INGAA Locks Horns with PHMSA

March 2011, Vol. 66 No. 3

Proposed changes for Hazardous Liquids IM Program
While gas transmission pipelines are worried about advisory bulletins, hazardous liquid pipelines are fretting about new PHMSA regulations that are in the offing. The PHMSA had already indicated last October that it planned to tighten provisions of the hazardous liquid integrity management program. The advanced notice of proposed rulemaking (ANPR) issued on Oct. 18, 2010, suggested a number of significant changes, so much so that industry players asked PHMSA to extend the comment deadline, which was slated to end on Jan. 18, for 60 days. On the same day the PHMSA released its "San Bruno" advisory bulletin, it also announced that it would extend the comment period for the liquid line ANPR, but only for one month, to Feb. 18.

That ANPR contained a laundry list of hazardous liquid IM program upgrades PHMSA was considering such as: steps extending regulation to certain pipelines currently exempt from regulation; whether other areas along a pipeline should either be identified for extra protection or be included as additional high consequence areas (HCAs) for Integrity Management (IM) protection; whether to establish and/or adopt standards and procedures for minimum leak detection requirements for all pipelines; and whether to establish and/or adopt standards and procedures for improving the methods of preventing, detecting, assessing and remediating stress corrosion cracking (SCC) in hazardous liquid pipeline systems.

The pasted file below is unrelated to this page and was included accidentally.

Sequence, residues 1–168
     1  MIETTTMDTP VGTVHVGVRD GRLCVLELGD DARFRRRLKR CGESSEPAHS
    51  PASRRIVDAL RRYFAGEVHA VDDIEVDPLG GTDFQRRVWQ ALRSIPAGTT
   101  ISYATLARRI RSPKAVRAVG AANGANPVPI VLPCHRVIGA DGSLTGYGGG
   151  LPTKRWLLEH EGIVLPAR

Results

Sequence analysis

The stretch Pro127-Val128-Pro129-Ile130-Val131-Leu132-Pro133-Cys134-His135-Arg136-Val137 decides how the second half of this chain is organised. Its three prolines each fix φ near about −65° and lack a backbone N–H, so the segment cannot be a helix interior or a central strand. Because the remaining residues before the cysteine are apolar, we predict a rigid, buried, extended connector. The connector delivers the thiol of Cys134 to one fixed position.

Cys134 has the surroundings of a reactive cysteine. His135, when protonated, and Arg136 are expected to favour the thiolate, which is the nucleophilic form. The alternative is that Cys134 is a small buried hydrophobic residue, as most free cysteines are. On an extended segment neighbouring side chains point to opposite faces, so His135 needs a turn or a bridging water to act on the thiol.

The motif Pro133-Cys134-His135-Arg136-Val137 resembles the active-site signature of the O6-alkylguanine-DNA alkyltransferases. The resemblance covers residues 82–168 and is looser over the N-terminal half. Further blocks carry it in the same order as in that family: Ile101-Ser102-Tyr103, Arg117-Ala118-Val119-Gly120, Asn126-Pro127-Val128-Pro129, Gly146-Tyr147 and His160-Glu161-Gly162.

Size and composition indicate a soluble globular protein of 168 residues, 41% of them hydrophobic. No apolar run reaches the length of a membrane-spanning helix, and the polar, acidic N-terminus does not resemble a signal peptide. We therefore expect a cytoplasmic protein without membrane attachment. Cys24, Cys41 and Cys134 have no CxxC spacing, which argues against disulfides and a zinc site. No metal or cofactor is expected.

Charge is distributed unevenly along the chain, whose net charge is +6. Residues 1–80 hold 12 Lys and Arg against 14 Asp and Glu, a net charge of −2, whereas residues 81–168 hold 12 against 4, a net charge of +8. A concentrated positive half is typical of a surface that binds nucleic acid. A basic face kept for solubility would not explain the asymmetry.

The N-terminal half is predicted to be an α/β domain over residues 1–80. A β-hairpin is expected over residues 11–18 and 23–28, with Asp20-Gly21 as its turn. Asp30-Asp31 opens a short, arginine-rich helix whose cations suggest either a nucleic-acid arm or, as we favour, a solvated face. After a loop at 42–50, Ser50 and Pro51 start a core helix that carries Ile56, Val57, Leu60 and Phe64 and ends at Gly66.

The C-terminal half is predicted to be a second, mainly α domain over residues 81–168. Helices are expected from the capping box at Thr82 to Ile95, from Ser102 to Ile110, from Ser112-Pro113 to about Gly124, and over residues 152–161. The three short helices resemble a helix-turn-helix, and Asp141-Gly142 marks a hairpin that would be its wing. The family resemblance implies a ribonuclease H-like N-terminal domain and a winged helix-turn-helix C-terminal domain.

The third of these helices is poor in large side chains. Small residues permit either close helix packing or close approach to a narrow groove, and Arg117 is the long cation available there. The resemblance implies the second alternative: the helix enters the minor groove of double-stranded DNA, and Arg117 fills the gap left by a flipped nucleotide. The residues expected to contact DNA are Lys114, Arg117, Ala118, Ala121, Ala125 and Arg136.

Leak detection measures could be at the top of PHMSA's list of things to address given the leak that occurred in the Trans-Alaska Pipeline in January. That leak shut down the pipeline for a number of days, which was unusual. Fortunately, the leak was, in terms of the environment and public safety, relatively minor, though the shutdown cost the five companies who own the oil that runs through the pipeline considerable money, as it did the state of Alaska. The Alyeska Pipeline Service Co. said the leak was hard to get at because the leaking pipeline was underground and encased in cement. Also raising the profile of oil pipeline leak detection was the $435,000 fine for Chevron Pipe Line PHMSA proposed on Nov. 1, 2010. There, Chevron had identified leak detection inadequacies in a line in 2007 but failed to take remedial action.